Every eighteen months or so, the heavens align to give us a lesson in awe, desire, and addiction.
In February 1998 on the island of Aruba, science writer David Baron experienced a religious epiphany.
He gathered with others behind his hotel to stare at the sky with cheap dark glasses. When the lights went out, a cheer erupted from the beach. He had never seen a sky like it. Up above was a deep purple gray like twilight. Bright stars and planets came out. On the horizon it was orange like sunset in all directions. This glorious, bewildering thing looked like a wreath woven from silvery thread. He could see the sun and the planets and how the planets revolve around the sun. For the first time in his life he felt viscerally connected to the universe. Time was nonexistent. It felt like a vision. It was all over in 173 seconds. The world had returned to normal, but he had changed.
“I am not a spiritual person,” Baron said in his TedX talk. “I don’t believe in God. I wish I did. But when I think of my own mortality – and I do, a lot – when I think of everyone I have lost, my mother in particular, what soothes me is that moment of awe I had in Aruba. I picture myself on that beach, looking at that sky, and I remember how I felt. My existence may be temporary, but that’s OK because, my gosh, look at what I’m a part of.”
I won’t dispute Baron’s claim that, for him, a total solar eclipse is the most awe inspiring spectacle in all of nature. I won’t dispute the research on the psychological benefits of awe mentioned in The Greater Good Science Center’s The Science of Happiness course.
Awe has a way of lifting us out of self-preoccupation. It makes us feel more connected, more generous, gives us a sense that we have more time. Awe is especially helpful when we feel bogged down by everyday minutiae.
But, one aspect of the eclipse talk that made me uneasy was the advice to chase the path of totality. In eclipse lingo, that’s the trajectory that the moon’s shadow follows. While awe may unite us, the opportunity cost of the path of totality can be divisive.
In Oregon, access to the path for the April 21, 2017 eclipse led to hotels dropping reservations to re-book rooms at higher rates. One organic farm on the path offered four-night double occupancy accommodations with meals for $1200. Bring your own tent.
On an ordinary day, it would take me no longer than an hour to drive from Portland to the path of totality. But, with projections that the population of Oregon will increase by 25 percent, all vying to occupy the same moon shadow at the same time, I wouldn’t dream of getting in my car.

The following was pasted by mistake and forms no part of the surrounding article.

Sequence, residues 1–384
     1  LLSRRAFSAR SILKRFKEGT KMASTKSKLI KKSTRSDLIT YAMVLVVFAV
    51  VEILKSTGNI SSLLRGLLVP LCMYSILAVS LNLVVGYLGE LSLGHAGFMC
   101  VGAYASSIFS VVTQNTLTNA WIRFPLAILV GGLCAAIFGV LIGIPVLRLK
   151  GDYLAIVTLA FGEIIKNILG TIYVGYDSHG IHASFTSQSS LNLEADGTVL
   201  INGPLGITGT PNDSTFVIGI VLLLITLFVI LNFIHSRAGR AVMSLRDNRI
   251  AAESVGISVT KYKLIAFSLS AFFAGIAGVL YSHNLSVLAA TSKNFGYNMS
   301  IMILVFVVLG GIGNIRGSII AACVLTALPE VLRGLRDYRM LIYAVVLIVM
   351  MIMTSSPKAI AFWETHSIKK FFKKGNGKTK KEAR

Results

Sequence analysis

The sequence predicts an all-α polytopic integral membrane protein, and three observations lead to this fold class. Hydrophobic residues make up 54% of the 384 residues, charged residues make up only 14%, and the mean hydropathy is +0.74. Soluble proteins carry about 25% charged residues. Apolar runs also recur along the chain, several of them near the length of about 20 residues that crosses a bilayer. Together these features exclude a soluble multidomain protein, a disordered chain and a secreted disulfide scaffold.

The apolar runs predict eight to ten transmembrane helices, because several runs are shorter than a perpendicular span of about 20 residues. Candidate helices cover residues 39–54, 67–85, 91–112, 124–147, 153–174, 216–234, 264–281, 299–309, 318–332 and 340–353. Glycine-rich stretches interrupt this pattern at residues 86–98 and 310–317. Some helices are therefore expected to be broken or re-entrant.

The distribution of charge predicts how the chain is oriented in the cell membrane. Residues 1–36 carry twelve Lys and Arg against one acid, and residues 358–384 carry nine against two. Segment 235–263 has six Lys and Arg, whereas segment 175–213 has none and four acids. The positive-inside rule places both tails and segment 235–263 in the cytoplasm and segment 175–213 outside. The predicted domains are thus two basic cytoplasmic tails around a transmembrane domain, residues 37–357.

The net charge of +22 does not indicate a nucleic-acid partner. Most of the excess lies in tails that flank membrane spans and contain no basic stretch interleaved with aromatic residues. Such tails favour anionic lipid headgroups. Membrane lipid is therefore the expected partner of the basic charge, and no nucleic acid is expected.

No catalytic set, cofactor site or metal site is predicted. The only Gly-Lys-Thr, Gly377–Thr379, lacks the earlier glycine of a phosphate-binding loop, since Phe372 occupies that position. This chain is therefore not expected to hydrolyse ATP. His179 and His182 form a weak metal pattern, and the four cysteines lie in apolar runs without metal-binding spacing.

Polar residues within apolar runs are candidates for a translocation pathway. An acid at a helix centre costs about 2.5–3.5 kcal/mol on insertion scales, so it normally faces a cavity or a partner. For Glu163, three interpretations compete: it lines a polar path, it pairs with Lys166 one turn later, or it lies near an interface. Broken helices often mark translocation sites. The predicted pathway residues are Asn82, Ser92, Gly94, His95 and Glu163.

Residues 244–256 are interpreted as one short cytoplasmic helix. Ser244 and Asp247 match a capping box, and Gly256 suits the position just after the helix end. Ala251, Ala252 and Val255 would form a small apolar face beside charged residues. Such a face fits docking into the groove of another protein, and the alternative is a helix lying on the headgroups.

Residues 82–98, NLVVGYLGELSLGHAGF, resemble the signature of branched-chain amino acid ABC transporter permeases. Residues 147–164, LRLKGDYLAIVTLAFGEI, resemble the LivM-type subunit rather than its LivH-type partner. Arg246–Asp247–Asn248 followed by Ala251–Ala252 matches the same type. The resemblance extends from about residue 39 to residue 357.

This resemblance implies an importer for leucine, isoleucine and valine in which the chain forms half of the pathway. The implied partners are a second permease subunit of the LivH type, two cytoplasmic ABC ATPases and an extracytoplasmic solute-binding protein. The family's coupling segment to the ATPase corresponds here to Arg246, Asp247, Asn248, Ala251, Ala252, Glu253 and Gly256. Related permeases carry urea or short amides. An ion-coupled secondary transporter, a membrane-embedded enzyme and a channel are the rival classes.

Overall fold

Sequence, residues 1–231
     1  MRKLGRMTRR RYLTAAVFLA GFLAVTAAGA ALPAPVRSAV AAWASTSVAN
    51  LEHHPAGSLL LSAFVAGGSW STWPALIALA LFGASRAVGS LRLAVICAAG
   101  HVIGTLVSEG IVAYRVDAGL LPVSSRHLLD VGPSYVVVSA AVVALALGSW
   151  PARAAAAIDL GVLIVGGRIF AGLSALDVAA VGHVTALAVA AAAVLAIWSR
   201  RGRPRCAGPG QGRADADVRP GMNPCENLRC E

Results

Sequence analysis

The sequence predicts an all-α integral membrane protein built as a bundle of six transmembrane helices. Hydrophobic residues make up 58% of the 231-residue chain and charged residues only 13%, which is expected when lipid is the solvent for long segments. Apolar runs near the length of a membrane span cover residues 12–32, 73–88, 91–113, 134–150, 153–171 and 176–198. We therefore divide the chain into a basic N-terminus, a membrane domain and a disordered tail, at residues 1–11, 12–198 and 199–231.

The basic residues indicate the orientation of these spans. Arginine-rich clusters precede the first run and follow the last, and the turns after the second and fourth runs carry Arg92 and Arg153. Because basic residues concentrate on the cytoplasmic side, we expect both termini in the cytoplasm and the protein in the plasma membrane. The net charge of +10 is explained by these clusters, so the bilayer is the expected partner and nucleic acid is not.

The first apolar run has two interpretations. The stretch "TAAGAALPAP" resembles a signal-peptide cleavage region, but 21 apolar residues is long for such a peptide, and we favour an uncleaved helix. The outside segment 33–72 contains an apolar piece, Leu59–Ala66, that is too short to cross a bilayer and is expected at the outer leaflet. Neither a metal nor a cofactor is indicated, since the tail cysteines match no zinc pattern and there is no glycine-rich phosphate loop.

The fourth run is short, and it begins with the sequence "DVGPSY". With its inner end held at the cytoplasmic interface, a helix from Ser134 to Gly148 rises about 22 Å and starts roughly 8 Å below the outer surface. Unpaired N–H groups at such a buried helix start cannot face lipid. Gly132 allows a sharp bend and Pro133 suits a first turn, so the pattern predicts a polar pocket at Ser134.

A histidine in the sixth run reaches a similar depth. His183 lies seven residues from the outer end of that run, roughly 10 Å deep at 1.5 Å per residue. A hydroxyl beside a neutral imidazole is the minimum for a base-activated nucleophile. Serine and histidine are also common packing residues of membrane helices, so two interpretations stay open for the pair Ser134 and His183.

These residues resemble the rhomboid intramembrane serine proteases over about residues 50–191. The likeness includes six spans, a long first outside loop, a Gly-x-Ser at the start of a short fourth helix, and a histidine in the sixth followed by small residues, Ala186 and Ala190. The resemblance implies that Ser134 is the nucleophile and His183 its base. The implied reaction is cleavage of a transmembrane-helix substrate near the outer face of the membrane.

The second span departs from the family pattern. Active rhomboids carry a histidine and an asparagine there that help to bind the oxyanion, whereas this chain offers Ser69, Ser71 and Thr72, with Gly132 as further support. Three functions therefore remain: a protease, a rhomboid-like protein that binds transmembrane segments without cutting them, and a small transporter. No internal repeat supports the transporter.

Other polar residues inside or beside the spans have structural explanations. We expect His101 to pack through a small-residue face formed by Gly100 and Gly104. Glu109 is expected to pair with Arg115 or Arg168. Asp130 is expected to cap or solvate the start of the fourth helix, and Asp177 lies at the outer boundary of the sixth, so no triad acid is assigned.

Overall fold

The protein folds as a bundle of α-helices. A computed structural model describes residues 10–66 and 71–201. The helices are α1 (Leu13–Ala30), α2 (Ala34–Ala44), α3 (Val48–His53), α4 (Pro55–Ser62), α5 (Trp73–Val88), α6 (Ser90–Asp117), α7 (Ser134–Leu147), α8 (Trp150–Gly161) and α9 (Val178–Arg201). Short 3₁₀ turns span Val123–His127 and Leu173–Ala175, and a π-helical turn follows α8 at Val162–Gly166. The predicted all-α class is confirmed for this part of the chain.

A few years ago, I did my best to chase awe by planning hikes in Glacier National Park. I booked a room at the lodge eleven months in advance. It is indeed an awe inspiring park as viewed from the car window through the rain. The trailhead to every hike I’d planned to take was full.
While awe may have its limited social benefits, awe in limited supply has its social costs. I don’t doubt that Baron’s Aruba eclipse had a profound impact on his perception of his role in the cosmos. But, the fact that it transformed him into an umbraphile, into arranging his work and finances to chase total eclipses around the globe simultaneously transformed that healthy sense of wonder into an addiction.
Dr. Kate Russo in her books Total Addiction and Being in the Shadow has classified human interaction with total eclipses under the acronym SPACED.
S: Sense of wrongness.
P: Primal fear.
C: Connection to something greater than ourselves.
D: Desire to repeat the experience.
The D in the acronym, desire, must always be accompanied by dissatisfaction. If there were something genuinely satisfying about the experience of witnessing a total solar eclipse, it wouldn’t leave us wanting more. We don’t usually think of desire as dissatisfaction, but if a desire is not satisfied, we feel disappointment. And, if a desire is satisfied, a new desire soon takes its place.
Author Robert Wright discussed an experiment that illustrates this endless cycle in his interview with Terry Gross.
Researchers put fruit juice on the tongues of monkeys and measured them for dopamine, a neurotransmitter that corresponds with the experience of pleasure. At first, the fruit juice led to a burst of dopamine. The researchers then linked the dispensing of the fruit juice to a flashing light. Soon the monkeys received their dopamine boost when the light flashed. But, the dopamine level associated with the actual contact with the fruit juice diminished.
While it would have been redundant for Baron to detail his experience of each total eclipse he has witnessed, the one he draws comfort from is his first. There’s no way to gauge whether he’s driven back to the path of totality again and again by anticipation or by the experience itself.
I don’t think that awe is a bad thing. I live in Portland, Oregon where I’m surrounded by every day awe. On a clear day, I can see Mt. Hood on my way to buy groceries. I can see Mt. St. Helens from a vantage point a couple blocks from my house. Every summer I try to get out to the Pacific Ocean. Living in the shadow of these giants gives me a sense of perspective. In “Forest Therapy-A Natural Antidepressant,” I wrote about a kind of awe I try to practice on a regular basis.
I have never in my life felt a sense of deprivation or resentment that no eclipse has ever crossed my path. But, to show I’m not anti-eclipse, this time I went to the library, got my free pair of eclipse glasses, and looked both ways before crossing the street to view the event with my neighbors in the field behind the school. It’s healthy to share in the delight of others, as I wrote in “Making Community Happen.”
I chose to see my glass as 99.2% awe, and topped it off with gratitude. Seeing it as 0.8% empty would only have sent me chasing shadows.